WARSAW (Reuters) - Polish gas company PGNiG said it aims to fully use its booked capacity on the Baltic Pipe from Norway, reversing its stance after saying it would not do so as soaring prices were likely to curb demand.
The Baltic Pipe, capable of shipping up to 10 billion cubic metres (bcm) of gas per year from Norway, where PGNiG produces the fuel, will open on Oct. 1.
The company said on Thursday it planned to ship 4.5 bcm of gas per year via the link, using little more than half of the capacity it booked. [nL5N2XB3ND}Reaching a targeted capacity is a function of several factors including technical capacity, market demand, and flexibility needed to balance the system, PGNiG said in a statement on Friday. In a statement, the company also said it has a diversified supply portfolio for gas produced in Norway, including contracts with Denmark's Orsted, Poland's Grupa Lotos and other suppliers it did not disclose.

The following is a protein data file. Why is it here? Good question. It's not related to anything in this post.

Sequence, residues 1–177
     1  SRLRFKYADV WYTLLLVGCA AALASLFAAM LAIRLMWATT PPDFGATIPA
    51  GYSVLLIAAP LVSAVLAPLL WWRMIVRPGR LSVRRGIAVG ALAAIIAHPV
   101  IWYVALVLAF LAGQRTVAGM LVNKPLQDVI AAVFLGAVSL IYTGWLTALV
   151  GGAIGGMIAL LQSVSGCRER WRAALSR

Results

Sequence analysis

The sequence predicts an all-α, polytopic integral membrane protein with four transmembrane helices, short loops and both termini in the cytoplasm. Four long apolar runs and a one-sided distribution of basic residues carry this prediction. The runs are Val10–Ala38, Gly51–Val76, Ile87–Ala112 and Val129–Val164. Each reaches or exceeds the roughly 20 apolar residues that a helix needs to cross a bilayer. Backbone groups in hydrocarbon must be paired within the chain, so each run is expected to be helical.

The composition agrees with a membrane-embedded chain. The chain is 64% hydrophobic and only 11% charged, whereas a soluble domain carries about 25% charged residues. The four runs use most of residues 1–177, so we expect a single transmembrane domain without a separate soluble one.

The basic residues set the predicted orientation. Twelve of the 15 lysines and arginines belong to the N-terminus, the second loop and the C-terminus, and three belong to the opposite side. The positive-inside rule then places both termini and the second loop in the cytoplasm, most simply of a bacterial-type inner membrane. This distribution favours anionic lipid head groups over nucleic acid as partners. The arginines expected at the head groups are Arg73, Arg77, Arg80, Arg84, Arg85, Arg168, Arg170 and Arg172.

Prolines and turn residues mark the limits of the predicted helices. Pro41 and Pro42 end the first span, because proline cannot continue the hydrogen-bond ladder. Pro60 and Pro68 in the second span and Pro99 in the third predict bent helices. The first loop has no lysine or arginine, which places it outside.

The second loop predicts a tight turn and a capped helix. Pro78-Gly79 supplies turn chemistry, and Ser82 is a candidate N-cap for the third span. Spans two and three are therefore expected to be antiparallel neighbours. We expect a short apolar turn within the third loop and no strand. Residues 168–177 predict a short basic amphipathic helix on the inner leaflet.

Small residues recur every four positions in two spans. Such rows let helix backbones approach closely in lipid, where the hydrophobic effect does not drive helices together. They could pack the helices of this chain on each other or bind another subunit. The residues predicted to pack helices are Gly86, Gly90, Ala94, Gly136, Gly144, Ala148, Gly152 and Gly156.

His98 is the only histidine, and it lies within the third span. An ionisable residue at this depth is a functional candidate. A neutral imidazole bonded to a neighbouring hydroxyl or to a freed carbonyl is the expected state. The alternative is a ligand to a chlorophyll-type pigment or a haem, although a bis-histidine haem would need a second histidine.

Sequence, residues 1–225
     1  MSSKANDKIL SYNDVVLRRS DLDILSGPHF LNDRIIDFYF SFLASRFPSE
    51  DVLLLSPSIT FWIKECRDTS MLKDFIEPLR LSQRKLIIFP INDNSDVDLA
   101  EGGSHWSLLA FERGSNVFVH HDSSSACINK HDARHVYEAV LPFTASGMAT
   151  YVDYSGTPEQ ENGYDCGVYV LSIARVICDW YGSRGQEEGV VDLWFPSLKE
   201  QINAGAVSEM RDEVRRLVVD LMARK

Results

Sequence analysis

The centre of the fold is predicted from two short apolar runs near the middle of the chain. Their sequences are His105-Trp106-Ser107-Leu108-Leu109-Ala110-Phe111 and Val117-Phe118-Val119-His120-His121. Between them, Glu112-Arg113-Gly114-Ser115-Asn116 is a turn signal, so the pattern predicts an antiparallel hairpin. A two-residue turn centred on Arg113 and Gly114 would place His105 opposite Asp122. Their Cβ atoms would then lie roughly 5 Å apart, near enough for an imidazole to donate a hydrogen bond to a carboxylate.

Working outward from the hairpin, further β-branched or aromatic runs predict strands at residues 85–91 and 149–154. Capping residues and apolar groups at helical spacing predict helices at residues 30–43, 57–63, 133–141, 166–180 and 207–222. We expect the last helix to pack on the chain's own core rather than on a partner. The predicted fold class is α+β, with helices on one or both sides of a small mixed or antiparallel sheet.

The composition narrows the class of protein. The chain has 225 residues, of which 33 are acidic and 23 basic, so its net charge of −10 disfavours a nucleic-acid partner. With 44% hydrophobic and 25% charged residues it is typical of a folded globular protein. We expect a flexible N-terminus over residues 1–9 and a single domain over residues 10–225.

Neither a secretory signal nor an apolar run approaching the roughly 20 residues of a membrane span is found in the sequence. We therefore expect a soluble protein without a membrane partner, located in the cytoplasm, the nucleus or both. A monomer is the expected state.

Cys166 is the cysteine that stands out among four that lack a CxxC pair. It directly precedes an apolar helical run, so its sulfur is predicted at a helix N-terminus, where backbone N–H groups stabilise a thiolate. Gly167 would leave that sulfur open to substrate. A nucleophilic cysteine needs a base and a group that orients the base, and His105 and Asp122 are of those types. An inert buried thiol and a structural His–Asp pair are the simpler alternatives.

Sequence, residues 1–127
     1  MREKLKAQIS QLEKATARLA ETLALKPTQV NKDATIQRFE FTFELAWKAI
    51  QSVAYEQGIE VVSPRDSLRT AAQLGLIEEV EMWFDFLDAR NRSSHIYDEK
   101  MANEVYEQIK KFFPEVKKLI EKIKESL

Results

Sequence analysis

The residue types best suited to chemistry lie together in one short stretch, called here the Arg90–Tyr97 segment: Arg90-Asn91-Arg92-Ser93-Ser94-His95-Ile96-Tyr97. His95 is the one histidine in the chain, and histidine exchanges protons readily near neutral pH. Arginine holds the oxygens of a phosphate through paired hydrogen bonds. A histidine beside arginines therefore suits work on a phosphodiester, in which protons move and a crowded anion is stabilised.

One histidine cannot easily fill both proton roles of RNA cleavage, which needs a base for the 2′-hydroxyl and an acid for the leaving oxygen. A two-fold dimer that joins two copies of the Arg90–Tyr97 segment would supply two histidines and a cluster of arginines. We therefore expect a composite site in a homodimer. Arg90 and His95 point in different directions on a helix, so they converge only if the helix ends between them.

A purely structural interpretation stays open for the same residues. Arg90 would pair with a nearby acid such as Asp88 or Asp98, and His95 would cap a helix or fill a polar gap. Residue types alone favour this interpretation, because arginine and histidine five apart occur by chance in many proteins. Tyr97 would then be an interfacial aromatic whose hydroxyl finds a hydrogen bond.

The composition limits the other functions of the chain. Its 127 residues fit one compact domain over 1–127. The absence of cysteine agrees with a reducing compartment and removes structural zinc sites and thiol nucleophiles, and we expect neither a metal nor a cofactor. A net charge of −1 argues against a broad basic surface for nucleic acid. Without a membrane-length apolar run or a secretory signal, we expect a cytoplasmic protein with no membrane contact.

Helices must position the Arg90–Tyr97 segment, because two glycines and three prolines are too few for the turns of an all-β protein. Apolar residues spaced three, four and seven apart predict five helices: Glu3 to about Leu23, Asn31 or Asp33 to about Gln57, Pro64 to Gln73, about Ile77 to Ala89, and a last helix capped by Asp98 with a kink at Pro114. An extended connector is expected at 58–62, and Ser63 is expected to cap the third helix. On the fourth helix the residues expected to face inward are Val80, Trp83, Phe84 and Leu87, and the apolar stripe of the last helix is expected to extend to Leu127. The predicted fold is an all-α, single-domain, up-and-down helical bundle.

PGNiG's gas output in Norway is set to increase to 3 bcm in 2022 and to 4 bcm in 2027, the company said. "Today's statement likely aims to show that PGNiG will be flexible in approach to filling the pipeline with contracts and may boost it," said Kamil Kliszcz, head of research at BM mBank brokerage.
"It may also aim to clarify any doubts as yesterday's declaration may have been interpreted that technical issues stand in the way of the full usage of booked capacity."
(Reporting by Marek Strzelecki; Editing by Tomasz Janowski)